Early Modern Masters: The Prendergasts At New Britain

Maurice Brazil Prendergast, "Festa del Redentore," ca. 1899, watercolor and pencil on paper, 11” x 17”, Williams College Museum of Art. Photograph by Jim Gipe-Pivot Media and Stephen Petegorsky.


REVIEW
AMERICAN POST-IMPRESSIONISTS: MAURICE & CHARLES PRENDERGAST
NEW BRITAIN MUSEUM OF AMERICAN ART
56 LEXINGTON STREET
NEW BRITAIN, CONNECTICUT
THROUGH JUNE 10
by Kristin Nord

“American Post-Impressionists: Maurice & Charles Prendergast,” now at The New Britain Museum of American Art (NBMAA), serves up a bounteous survey of these two important, early modern masters. More than 100 works — including paintings, sculptures, frames, sketchbooks, photographs, letters and tools — have been drawn from the NBMAA permanent collection and the Prendergast Archive & Study Center at Williams College Museum of Art in Williamstown, Mass.

The exhibition begins with Maurice’s early watercolors and a marvelous mosaic, inspired by his encounter with Italy’s Festa Del Redentore (ca. 1898). In just a few years, Maurice would be hailed as a leader of the American avant-garde, while his younger brother, Charles, would be Boston’s top frame maker, sought after by such luminaries at John Singer Sargent and Isabella Stewart Gardner.

The two were born in St. John’s, Newfoundland, but settled as children with their family in Boston’s South End. At the time, the city was a major center for the flourishing American Aesthetic Movement. Bostonians were responding to the writings of English art critic John Ruskin, and had come under the spell of Japonisme, the oriental art craze ignited by the Philadelphia centennial exhibition of 1876. Japonisme’s flat compositional pattern, full colors and decorative line worked well with English industrial design principles being promulgated by a mandatory industrial arts curriculum in the city’s public schools.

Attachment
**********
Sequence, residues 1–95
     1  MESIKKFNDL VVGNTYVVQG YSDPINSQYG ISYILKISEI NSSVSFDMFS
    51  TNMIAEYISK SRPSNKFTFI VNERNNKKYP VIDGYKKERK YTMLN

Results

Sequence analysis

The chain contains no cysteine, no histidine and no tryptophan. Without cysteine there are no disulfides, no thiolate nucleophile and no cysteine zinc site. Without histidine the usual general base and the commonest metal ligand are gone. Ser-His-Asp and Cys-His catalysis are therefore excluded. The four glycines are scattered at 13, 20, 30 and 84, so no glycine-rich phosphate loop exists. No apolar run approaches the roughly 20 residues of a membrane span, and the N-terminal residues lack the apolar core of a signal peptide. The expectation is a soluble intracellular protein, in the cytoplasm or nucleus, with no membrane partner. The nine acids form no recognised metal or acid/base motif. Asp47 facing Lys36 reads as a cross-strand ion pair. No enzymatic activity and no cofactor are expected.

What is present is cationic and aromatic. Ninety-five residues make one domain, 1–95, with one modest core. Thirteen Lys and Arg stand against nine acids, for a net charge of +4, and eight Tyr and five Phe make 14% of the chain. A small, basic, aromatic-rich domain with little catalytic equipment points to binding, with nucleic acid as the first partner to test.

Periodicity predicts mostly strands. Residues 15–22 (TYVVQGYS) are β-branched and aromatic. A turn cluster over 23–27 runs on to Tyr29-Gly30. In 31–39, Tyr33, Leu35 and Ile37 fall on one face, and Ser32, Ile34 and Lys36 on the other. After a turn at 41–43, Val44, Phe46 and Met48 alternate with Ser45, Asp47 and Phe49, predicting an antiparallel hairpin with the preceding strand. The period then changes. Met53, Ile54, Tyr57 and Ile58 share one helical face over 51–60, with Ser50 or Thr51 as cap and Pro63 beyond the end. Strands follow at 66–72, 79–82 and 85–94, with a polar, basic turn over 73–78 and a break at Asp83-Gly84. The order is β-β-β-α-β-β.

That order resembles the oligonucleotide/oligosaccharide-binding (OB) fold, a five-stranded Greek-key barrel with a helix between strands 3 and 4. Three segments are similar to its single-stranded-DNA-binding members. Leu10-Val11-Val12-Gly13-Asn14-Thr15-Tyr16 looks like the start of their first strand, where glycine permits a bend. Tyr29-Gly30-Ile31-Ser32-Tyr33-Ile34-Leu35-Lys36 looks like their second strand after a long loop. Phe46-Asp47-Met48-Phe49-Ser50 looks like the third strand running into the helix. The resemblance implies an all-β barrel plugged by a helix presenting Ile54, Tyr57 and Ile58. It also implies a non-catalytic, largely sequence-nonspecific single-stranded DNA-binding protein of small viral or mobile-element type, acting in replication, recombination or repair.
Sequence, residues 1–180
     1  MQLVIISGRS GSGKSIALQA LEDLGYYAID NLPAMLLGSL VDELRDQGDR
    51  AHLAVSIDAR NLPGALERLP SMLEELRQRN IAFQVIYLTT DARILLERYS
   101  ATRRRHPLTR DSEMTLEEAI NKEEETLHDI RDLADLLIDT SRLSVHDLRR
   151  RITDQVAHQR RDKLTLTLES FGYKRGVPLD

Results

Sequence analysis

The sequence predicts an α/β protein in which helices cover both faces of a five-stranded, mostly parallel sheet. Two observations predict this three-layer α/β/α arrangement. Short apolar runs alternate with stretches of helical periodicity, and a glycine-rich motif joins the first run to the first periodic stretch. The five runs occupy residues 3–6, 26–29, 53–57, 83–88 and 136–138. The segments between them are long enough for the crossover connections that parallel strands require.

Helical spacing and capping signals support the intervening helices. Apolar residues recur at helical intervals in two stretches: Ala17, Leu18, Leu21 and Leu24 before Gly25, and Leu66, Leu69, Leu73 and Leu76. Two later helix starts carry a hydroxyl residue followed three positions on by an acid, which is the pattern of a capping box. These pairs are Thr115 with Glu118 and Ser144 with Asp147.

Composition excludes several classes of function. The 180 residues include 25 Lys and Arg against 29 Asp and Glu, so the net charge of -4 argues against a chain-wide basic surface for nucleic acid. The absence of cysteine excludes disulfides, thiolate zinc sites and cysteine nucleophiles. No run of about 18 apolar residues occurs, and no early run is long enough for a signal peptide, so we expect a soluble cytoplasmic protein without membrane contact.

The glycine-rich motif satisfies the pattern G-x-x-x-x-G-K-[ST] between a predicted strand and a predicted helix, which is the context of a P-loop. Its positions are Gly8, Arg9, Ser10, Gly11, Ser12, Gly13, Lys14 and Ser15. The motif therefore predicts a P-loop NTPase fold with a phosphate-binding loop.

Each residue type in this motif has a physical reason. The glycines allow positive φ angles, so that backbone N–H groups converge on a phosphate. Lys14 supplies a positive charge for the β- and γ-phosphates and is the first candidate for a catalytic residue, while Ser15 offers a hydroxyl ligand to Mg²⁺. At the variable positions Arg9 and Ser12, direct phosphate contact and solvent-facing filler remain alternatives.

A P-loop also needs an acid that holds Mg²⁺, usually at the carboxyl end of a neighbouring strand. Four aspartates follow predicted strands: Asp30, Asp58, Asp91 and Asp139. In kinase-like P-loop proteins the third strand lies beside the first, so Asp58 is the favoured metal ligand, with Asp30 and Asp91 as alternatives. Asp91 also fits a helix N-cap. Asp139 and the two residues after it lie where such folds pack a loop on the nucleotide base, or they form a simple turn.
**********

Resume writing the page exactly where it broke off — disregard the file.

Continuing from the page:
Maurice’s abstract patterning as a young commercial designer underscored this early training. In just a few years, as he set off for Paris, and later Italy, with the intent of becoming a serious painter, it became clear that modernity itself would become primary subject matter. But unlike the painters of “The Eight,” known generally as “The Ashcan School,” which focused on urban realism, Maurice would be drawn to the newly fashionable. Soon he was producing paintings of a well-dressed middle class, promenading at the seaside with umbrellas to shield their skin from the sun. Elements from the landscape, whether its high horizons, or its pattern of rocks, or the implied movement of men, women and nature, would become integrated. From brilliant watercolors, such as “Low Tide, Nantasket” (ca.1896-97), he would move on to oil paintings that melded his exposure to Japanese prints, Art Nouveau works and the art of James McNeill Whistler, Georges Seurat, Paul Cézanne, Henri Matisse and the Nabis artists Pierre Bonnard, Édouard Vuillard and Maurice Denis. If his work from his first trip to Italy catapulted him to national attention in 1900, his paintings on succeeding trips led to a more formalist style.

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